It is the thought that counts, or is it really? Christmas is the time of giving. Many expect to receive and to give gifts. Unfortunately, the gift you give or receive may not elicit the desired response. Is it ok not to like your gift or should you be grateful that someone made the sacrifice or effort to get you a gift? We can be sentimental or practical about — for the sake of giving; give to bring true happiness or not give at all.
Most people put a lot of thought into buying or making gifts, even the choice of wrapping paper is a difficult decision. However, despite the thoughtfulness, the gift may just not be well received. You may have purchased the gift based on your likes, what you think the person needs or likes, what you think were hints, or your budget. Unless you are absolutely sure that you bought or made just what the person wanted, do not ask that the gift be opened in your presence; save yourself the pain of not getting the desired response and the receiver the pain of having to feign excitement. It is unclear which is worst, the fake excitement or the unmasked show of disappointment. In either case, it is bad for both giver and receiver.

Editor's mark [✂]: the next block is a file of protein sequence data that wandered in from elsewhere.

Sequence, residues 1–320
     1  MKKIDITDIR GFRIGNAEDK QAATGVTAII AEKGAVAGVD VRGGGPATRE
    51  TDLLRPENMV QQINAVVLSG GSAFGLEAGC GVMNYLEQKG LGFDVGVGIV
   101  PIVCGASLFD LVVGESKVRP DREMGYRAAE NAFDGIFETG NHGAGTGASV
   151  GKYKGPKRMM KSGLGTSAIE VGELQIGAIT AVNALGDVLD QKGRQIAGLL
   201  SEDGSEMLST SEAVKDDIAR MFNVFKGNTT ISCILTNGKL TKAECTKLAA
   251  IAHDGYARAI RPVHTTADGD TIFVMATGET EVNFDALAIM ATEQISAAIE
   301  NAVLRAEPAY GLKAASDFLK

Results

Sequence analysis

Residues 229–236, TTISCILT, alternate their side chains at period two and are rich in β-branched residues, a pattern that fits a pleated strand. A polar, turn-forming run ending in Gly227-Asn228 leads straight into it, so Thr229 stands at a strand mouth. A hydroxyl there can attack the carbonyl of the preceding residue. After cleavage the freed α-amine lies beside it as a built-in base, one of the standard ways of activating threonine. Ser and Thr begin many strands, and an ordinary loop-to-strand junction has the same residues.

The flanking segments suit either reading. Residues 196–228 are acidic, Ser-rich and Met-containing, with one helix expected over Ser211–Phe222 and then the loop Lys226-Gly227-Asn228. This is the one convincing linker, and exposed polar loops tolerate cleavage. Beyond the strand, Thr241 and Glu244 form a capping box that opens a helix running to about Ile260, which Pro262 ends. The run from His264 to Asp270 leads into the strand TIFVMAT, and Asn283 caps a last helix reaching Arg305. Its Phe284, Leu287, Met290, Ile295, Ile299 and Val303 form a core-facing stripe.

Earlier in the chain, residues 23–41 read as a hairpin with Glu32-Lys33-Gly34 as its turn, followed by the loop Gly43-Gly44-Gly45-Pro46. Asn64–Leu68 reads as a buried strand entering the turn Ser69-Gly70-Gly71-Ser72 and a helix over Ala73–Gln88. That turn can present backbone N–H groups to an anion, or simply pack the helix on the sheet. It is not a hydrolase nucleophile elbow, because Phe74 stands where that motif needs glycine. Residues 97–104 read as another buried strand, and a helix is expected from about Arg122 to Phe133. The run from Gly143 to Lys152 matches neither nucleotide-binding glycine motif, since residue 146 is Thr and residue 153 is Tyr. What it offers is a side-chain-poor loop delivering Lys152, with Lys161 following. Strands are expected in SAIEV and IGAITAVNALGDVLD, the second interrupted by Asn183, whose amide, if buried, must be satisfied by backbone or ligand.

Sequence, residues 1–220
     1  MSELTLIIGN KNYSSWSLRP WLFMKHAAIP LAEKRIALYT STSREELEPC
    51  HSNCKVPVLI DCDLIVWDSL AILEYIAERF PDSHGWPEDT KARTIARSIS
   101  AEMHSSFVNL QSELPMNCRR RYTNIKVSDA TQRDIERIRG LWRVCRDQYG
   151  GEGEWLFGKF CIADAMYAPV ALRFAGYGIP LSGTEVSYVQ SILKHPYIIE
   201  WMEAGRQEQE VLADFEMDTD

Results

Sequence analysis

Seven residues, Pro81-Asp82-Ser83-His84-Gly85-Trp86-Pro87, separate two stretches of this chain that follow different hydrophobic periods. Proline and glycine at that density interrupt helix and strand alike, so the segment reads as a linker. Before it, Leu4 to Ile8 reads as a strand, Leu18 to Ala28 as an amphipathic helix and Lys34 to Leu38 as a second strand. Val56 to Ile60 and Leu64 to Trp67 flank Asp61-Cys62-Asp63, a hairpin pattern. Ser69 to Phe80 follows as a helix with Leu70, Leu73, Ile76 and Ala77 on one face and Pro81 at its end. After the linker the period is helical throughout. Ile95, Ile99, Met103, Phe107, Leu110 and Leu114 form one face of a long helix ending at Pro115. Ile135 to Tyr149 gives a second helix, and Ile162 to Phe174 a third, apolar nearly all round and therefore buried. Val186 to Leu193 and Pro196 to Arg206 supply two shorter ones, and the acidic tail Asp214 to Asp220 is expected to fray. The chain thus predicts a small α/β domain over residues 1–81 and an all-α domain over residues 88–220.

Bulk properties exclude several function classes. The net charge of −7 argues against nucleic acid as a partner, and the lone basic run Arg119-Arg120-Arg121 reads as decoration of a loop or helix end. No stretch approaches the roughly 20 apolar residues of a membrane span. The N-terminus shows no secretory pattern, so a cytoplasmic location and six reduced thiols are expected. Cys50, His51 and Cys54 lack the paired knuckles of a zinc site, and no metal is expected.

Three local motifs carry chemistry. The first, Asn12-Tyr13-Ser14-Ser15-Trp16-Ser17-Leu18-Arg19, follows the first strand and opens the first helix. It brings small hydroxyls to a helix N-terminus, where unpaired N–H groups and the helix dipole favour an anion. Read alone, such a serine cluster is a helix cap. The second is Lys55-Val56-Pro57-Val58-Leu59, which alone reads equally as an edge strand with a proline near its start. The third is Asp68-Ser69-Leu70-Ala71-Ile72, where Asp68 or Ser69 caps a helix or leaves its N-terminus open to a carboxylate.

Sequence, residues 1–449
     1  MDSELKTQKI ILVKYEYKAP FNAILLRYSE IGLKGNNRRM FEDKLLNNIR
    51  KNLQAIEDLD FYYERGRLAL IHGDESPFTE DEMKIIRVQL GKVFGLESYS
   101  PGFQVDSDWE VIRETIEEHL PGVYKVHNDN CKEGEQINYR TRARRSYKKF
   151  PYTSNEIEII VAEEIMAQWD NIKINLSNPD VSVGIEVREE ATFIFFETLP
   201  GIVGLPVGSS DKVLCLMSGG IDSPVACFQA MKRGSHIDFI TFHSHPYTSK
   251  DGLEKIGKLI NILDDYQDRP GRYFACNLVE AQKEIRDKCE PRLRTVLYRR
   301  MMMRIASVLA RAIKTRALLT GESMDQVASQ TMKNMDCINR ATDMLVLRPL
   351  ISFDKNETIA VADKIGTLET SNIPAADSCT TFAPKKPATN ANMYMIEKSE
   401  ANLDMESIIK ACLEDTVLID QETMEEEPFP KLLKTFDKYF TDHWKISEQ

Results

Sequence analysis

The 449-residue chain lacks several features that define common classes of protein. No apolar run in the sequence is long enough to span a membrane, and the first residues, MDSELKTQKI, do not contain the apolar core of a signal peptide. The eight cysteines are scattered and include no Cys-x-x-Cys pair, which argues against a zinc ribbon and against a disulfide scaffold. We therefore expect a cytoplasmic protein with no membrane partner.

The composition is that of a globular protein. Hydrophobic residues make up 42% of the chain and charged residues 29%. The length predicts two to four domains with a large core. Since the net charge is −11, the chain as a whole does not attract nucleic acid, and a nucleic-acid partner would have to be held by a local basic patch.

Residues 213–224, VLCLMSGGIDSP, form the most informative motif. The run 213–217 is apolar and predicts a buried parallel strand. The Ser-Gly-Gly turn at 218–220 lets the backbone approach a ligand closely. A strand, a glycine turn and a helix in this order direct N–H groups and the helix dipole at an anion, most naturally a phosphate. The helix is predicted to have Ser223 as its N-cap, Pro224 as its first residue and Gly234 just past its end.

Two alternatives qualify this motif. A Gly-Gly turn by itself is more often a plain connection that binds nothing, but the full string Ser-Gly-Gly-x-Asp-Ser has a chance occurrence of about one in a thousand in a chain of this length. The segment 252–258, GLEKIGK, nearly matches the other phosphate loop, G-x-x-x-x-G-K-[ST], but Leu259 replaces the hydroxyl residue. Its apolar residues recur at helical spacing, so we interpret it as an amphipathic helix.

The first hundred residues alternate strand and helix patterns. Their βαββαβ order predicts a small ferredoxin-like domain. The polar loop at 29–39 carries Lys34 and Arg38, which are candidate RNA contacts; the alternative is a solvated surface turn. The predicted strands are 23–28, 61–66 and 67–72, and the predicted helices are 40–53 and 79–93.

Perhaps we should learn from children, they tell you exactly what they want and will not be afraid to show you their level of appreciation. The secret santa practices in offices were disastrous until some brave person decided to not only say the minimum cost of gifts and initiate the habit of finding out what persons wanted. Many can relate to the extreme even heartbreaking disappointment of receiving gifts that were such a far cry from being even remotely acceptable and it was not because they had unreasonable expectations. No, it’s not just the thought that counts.
While admittedly some people expect a bit much (and yes that is arguable according to circumstances) and some may caution against expectations to minimize the likelihood of disappointment; gifting is serious business. Since we do not yet have Christmas registries, some persons have resorted to giving gift cards, providing return or exchange options to the site of purchase, asking or stating exactly what is required or giving cash. Some may argue that these options ruin the surprise. Therefore, the toss up is between a feigned surprise or a feigned appreciation. Which do you prefer? How many of your gifts will join those at the back of the closet or the regifting pile?